A wider wire, let's say really wide (4/0) is being hit with more energy than a thin wire, is it not? A square foot of anything is exposed to one half the sunlight/energy that a two square foot anything is, when both are in sunlight.
Sunlight has extremely small wavelengths, several orders of magnitude less than (to use the distance you mentioned) a foot. This means that the interactions of any given portion of the light with a solar panel (or even an ordinary dark object getting heated) occur in very small areas of the material, so if you analyze it as if it were an antenna, it's more like an array of tiny antennas than a bigger-in-some-dimension single antenna.
In the case of a radio wave interacting with a dipole antenna, for example (not that far from the case of your quagi), the entire antenna is built around half-wavelength dimensions. The area of the incoming electromagnetic wavefront that this antenna is interacting with is not the length and thickness of the wire, it is more like a circle whose diameter is the antenna length. (Reality is much more complex than this; there are no simple geometric shapes, but this will do for now.) Thus, making the wire thicker does not gather significantly more energy.
The analogy to making your solar panel two square feet instead of one is making two identical antennas, not too close to each other and connecting them in parallel. This is not a perfect analogy, because solar cells (and heating) are treating the radiation as non-coherent, meaning the phase of the signal is discarded and only the amplitude is kept. For coherent reception, as used in radio communications, the math works out that any such array of antennas or any other means of gathering more energy makes the antenna more directional. That's why we measure both properties as a single value, the “gain” of the antenna.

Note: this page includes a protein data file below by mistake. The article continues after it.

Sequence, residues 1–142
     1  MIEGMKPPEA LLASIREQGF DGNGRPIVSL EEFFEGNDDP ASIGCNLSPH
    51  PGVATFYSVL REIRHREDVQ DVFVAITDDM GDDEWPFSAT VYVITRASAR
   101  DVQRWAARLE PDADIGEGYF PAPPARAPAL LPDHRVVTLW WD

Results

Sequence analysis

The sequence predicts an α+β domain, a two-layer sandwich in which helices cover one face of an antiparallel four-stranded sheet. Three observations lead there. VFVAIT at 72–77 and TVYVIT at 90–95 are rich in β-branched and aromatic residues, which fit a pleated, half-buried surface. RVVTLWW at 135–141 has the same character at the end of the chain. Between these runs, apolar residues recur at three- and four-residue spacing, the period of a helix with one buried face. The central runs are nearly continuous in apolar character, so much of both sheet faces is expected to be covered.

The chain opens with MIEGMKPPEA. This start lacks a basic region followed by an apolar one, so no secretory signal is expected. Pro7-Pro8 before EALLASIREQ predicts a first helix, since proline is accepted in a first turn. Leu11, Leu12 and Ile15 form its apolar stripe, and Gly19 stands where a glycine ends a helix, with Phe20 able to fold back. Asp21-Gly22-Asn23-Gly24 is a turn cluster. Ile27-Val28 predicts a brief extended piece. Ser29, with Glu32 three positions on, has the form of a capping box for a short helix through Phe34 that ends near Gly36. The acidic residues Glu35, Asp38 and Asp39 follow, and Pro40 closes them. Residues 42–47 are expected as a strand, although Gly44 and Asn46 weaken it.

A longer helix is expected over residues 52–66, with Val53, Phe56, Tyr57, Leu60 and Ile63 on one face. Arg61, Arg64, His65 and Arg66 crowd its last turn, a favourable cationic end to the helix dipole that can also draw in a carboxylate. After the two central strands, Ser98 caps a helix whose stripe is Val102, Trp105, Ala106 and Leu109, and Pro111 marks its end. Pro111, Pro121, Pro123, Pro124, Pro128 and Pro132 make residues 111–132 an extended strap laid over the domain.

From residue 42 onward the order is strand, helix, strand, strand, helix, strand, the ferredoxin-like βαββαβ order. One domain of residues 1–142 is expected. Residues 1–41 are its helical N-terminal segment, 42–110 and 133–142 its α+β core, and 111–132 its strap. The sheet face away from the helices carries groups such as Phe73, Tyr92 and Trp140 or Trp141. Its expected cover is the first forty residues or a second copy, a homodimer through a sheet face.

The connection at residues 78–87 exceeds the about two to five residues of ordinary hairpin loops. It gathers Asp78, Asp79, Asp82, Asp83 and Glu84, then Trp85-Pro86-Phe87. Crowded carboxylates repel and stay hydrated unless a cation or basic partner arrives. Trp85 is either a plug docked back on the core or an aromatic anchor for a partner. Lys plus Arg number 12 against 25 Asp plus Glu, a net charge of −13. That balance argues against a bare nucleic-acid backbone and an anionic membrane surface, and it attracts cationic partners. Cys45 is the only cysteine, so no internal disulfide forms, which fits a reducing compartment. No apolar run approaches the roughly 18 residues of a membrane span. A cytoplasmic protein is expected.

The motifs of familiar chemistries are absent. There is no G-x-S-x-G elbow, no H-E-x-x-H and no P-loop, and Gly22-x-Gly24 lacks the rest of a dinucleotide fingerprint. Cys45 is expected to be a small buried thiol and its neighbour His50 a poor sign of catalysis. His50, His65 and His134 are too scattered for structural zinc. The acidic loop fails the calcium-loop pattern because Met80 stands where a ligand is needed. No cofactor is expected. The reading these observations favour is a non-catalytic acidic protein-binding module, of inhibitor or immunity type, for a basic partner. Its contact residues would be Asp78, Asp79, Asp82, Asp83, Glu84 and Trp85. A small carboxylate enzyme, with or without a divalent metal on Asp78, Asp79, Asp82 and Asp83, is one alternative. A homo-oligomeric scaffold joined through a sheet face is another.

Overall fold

You can in theory gather more energy from a radio signal without increasing directionality, by using multiple antennas and multiple receivers as well — by independently demodulating from each antenna you avoid the signals cancelling each other. Imagine building lots of crystal radios and combining all their weak audio outputs into one stronger one. When the goal is actually to gather electric power from the RF field (in which case all you need is the diode rectification, no filtering or audio transducer), this is called a rectenna and it can be built into an arbitrarily large array just like a solar panel.